Under Rule 56 of the Federal Rules of Civil Procedure, a motion for summary judgment must be granted if the pleadings and evidence on file show that there is no genuine issue of material fact, and that the moving party is entitled to judgment as a matter of law. Anderson v. Liberty Lobby, Inc., 477 U.S. 242, 247 (1986). In a FOIA suit, an agency is entitled to summary judgment once it satisfies its burden of demonstrating that no material facts are in dispute and that it has conducted a search reasonably calculated to uncover all relevant information, Weisberg v. Dep't of Justice, 745 F.2d 1476, 1485 (D.C. Cir. 1984), which either has been released to the requestor or is exempt from disclosure. Students Against Genocide v. Dep't of State, 257 F.3d 828, 833 (D.C. Cir. 2001). To challenge such a showing, the non-moving party "must set forth specific facts showing that there is a genuine issue for trial," Fed. R. Civ. P. 56(e), that would permit a reasonable jury to find in his favor. Laningham v. U.S. Navy, 813 F.2d 1236, 1241 (D.C. Cir. 1987).
To show that its search was reasonable, the agency must demonstrate that when "viewing the facts in the light most favorable to the requester, . . . [it] 'has conducted a search reasonably calculated to uncover all relevant documents."' Steinberg v. United States Dep't of Justice, 23 F.3d 548, 552 (D.C. Cir. 1994) (quoting Weisberg, 745 F.2d at 1485). The agency must show that it used "methods which can be reasonably expected to produce the information requested." Oglesby v. Dep't of the Army, 920 F.2d 57, 68 (D.C. Cir. 1990); see also Campbell v. United States Dep't of Justice, 164 F.3d 20, 27 (D.C. Cir. 1998). In assessing the reasonableness of the search, a court is guided by principles of reasonableness. Oglesby, 920 F.2d at 68. The reasonableness of a search is not determined by its results, but by the method of the search itself. Weisberg, 745 F.2d at 1485. A search need not be exhaustive. Miller v. U.S. Dep't of State, 779 F.2d 1378, 1383 (8th Cir. 1986). "There is no requirement that an agency search every record system." Oglesby, 920 F.2d at 68. An agency's failure to find a particular document does not undermine the determination that the search was adequate. Wilber v. CIA, 355 F.3d 675, 678 (D.C. Cir. 2004); Nation Magazine, Washington Bureau v. United States Customs Serv., 71 F.3d 885, 892 n.7 (D.C. Cir. 1995). Rather, the standard of reasonableness which we apply to agency search procedures . . . requires a search reasonably calculated to uncover the sought materials. . . . [T]he [agency] is not required . . . to account for documents which the requestor has in some way identified if it has made a diligent search for those documents in the places in which they might be expected to be found . . . . Miller, 779 F.2d at 1384-85. However, "if the sufficiency of the agency's identification or retrieval procedure is genuinely in issue, summary judgment is not in order." Weisberg, 627 F.2d at 370.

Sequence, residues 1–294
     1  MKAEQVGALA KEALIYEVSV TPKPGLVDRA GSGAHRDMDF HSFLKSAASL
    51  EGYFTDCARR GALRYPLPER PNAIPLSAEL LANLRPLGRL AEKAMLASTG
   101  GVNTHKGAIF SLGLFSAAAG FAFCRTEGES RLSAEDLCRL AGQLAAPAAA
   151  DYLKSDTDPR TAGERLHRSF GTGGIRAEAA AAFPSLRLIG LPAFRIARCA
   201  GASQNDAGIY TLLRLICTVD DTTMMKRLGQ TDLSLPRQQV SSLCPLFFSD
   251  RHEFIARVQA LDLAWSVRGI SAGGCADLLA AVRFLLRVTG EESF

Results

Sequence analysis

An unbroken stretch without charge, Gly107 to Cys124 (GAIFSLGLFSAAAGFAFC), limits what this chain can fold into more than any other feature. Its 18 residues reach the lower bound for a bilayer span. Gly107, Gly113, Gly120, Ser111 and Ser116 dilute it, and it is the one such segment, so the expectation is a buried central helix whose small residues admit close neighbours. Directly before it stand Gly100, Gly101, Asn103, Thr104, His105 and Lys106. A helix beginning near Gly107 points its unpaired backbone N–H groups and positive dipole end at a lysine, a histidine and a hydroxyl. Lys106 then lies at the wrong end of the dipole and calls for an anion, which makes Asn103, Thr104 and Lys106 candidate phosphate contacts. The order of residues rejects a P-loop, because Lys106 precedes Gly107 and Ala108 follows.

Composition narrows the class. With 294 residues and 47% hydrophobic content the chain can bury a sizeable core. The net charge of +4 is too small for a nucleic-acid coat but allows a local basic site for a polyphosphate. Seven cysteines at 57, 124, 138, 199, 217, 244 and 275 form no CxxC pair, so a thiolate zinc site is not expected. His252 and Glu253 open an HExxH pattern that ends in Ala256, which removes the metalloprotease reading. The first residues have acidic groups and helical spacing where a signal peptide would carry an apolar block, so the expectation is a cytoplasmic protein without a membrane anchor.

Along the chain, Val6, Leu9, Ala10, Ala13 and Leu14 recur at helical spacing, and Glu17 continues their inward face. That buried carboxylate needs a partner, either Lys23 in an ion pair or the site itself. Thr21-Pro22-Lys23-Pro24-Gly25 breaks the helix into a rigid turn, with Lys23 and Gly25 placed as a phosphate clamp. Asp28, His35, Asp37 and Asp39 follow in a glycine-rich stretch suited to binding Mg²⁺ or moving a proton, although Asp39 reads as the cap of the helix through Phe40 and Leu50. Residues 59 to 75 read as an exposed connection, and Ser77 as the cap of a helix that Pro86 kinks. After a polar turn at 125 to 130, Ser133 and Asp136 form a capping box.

The Biocine Sclavo Search and Review
Plaintiff, relying on 21 C.F.R. §§ 20.81 and 20.112, contends that Biocine Sclavo was required to submit the information he is seeking. Pl.'s Opp'n ¶¶ 4, 6. Given that defendant did not produce the information sought, plaintiff doubts both the adequacy of the search and the review of the documents that were located. The plain text of the regulations on which plaintiff relies, however, does not require a license applicant to submit the name and address of the applicant's U.S. bank. See 21 C.F.R. §§ 20.81, 20.112. In fact, the cited regulations do not relate even remotely to such a requirement, and the Court is not aware of any such requirement. Because plaintiff has not shown there is any reason to assume that the FDA ever had a record of the licensee's U.S. bank, he has also not shown that there is any basis on which to doubt the thoroughness of defendant's search of approximately 15,000 pages of documents. Consequently, plaintiff has neither identified a genuine issue of material fact on this point nor established that an in camera review is warranted. As plaintiff raises no other issues with respect to the search for records ...